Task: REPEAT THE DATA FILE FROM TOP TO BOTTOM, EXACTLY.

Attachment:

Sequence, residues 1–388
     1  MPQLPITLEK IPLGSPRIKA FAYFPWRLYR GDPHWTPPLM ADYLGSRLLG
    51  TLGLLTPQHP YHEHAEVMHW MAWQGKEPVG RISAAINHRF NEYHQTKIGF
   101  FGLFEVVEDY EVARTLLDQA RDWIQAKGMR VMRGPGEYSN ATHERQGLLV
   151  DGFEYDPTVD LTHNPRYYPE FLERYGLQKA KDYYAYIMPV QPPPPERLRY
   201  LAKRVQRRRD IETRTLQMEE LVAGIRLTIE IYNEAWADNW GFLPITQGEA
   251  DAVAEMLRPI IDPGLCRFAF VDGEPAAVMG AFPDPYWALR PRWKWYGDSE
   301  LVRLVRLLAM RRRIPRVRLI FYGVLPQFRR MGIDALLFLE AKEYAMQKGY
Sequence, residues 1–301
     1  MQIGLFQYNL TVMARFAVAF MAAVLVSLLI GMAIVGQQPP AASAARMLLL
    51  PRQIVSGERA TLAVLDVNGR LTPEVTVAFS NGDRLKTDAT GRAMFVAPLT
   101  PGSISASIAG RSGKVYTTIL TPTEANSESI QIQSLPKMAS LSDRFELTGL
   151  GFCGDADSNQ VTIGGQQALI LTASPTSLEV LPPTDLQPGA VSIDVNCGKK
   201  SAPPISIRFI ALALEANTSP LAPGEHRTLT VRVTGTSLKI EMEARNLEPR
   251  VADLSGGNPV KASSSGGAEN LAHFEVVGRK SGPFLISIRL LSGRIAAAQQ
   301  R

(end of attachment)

Sequence, residues 1–388
     1  MPQLPITLEK IPLGSPRIKA FAYFPWRLYR GDPHWTPPLM ADYLGSRLLG
    51  TLGLLTPQHP YHEHAEVMHW MAWQGKEPVG RISAAINHRF NEYHQTKIGF
   101  FGLFEVVEDY EVARTLLDQA RDWIQAKGMR VMRGPGEYSN ATHERQGLLV
   151  DGFEYDPTVD LTHNPRYYPE FLERYGLQKA KDYYAYIMPV QPPPPERLRY
   201  LAKRVQRRRD IETRTLQMEE LVAGIRLTIE IYNEAWADNW GFLPITQGEA
   251  DAVAEMLRPI IDPGLCRFAF VDGEPAAVMG AFPDPYWALR PRWKWYGDSE
   301  LVRLVRLLAM RRRIPRVRLI FYGVLPQFRR MGIDALLFLE AKEYAMQKGY
Sequence, residues 1–301
     1  MQIGLFQYNL TVMARFAVAF MAAVLVSLLI GMAIVGQQPP AASAARMLLL
    51  PRQIVSGERA TLAVLDVNGR LTPEVTVAFS NGDRLKTDAT GRAMFVAPLT
   101  PGSISASIAG RSGKVYTTIL TPTEANSESI QIQSLPKMAS LSDRFELTGL
   151  GFCGDADSNQ VTIGGQQALI LTASPTSLEV LPPTDLQPGA VSIDVNCGKK
   201  SAPPISIRFI ALALEANTSP LAPGEHRTLT VRVTGTSLKI EMEARNLEPR
   251  VADLSGGNPV KASSSGGAEN LAHFEVVGRK SGPFLISIRL LSGRIAAAQQ
   301  R